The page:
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Mad Scientess Jane Expat

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Allow me to summarize my day. [20091016|13:14]
Mad Scientess Jane Expat
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[the weather today is |ffs]

I have PhD in chemical physics, a job that pays well and is reasonably secure, a British boyfriend, and I now own a house in the UK.

There is no earthly reason for my visa renewal forms to be this complicated. The form itself is 75 pages long. The accompanying instructions are over 50. I have to be parted from my passport and the last twelve months of payslips and bank statements. Being without a passport is incredibly stressful. It is the one document containing my right to be here and to travel out of the country. Being without payslips is mildly annoying, and twelve months of bank statements with detailed transactions constitutes a massive invasion of privacy.

Some people ask, why not get married? It's cheaper and easier. Well, that's a very cute idea, if you happen to want to get married already. Does no one else find using it solely as a means to get a visa kind of repellent? Excuse me for having principles.
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Comments:
[User Picture]From: leidan
2009-10-16 13:06 (UTC)
I feel your pain all too keenly.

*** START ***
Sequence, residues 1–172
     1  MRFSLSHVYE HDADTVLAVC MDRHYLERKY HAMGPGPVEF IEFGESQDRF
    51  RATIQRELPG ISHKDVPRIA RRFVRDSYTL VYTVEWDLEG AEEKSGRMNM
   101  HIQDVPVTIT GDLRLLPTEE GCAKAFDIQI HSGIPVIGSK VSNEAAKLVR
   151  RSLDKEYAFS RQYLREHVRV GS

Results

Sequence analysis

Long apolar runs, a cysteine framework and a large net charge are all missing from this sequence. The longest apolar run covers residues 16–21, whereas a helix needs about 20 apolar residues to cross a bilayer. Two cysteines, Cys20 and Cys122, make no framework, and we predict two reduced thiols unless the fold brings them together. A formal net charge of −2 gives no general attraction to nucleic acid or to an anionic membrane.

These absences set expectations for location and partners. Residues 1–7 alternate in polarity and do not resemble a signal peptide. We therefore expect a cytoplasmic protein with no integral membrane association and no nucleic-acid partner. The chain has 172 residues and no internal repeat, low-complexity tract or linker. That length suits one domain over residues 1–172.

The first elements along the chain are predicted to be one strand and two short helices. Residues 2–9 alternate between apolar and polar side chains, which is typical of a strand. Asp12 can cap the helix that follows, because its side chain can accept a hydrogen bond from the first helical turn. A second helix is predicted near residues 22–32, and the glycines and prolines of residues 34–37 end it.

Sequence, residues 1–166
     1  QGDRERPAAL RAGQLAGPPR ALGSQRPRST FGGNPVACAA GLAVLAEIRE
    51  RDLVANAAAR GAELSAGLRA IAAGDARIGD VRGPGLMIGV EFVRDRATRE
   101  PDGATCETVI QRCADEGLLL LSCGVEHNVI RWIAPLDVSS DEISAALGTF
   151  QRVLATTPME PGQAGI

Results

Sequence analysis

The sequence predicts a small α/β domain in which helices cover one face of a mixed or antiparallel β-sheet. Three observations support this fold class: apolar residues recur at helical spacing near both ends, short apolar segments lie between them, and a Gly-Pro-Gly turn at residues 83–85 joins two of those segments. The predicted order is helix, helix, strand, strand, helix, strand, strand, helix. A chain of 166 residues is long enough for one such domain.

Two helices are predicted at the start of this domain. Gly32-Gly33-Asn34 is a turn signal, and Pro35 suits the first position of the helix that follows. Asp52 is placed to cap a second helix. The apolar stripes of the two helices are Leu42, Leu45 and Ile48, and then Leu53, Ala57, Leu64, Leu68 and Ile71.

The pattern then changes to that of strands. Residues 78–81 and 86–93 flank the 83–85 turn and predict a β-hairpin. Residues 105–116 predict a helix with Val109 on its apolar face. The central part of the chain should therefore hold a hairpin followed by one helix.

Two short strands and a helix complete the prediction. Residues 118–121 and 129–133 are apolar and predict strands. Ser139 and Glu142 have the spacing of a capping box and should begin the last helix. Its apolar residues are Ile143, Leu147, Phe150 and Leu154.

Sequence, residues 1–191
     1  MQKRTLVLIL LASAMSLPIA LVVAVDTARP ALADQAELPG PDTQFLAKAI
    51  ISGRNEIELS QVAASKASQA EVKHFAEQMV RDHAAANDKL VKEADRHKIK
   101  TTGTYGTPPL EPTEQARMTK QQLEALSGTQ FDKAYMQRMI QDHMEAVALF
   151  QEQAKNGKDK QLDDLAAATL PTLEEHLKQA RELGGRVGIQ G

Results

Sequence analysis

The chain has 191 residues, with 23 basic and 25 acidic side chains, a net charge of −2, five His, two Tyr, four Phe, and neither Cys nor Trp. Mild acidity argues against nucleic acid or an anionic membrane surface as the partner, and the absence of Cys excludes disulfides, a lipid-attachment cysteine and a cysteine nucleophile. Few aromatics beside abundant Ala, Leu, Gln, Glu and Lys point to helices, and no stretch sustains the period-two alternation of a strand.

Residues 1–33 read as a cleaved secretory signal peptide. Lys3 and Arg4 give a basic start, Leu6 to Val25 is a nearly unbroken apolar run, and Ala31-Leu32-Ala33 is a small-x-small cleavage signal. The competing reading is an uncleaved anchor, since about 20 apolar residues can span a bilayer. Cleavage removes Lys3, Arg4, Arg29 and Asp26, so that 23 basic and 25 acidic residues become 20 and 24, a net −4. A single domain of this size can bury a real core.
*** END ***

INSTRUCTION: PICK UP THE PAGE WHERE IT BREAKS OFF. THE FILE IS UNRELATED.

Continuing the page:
May flights of speedy paperwork fairies bring all your documents back.
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[User Picture]From: nanila
2009-10-18 19:47 (UTC)
Thank you. I hope they do too.
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[User Picture]From: bellelaqueen
2009-10-16 13:32 (UTC)
I was without my passport for 6 1/2 months while I waited for my permanent residency.

I only got it back that soon because UKBA had broken the law by not issuing me with my visa within 6 months (for applications via EEA family) and I started to mention SOLVIT
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[User Picture]From: nanila
2009-10-18 19:47 (UTC)
SIX AND A HALF MONTHS?!

YE GODS.

You have your visa now, yes? YES?
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[User Picture]From: cataragon
2009-10-16 14:54 (UTC)
We kind of got married for legal convenience reasons. And to pacify family, who just couldn't get the idea of people being committed and not married.

But I understand the reluctance. And the document stress.

Look at it this way, though: if your situation was reversed,if you were a British PhD wanting to live in the US, it would be Way Way Worse.
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[User Picture]From: chibaraki
2009-10-16 21:25 (UTC)
Ugh, US immigration is kind of a clusterfuck, I'm so glad my boyfriend's company has people who do a lot of the heavy lifting for him. He started on the application for his green card basically the month after he moved here on a work visa because it can take FIVE FUCKING YEARS for the application to go through.
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[User Picture]From: nanila
2009-10-18 19:48 (UTC)
Yeah, see, this is why I feel bad about complaining. Because immigrating to America, if you don't marry an American or aren't the offspring of a diplomat? HA. HA. HA.
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[User Picture]From: chibaraki
2009-10-18 19:57 (UTC)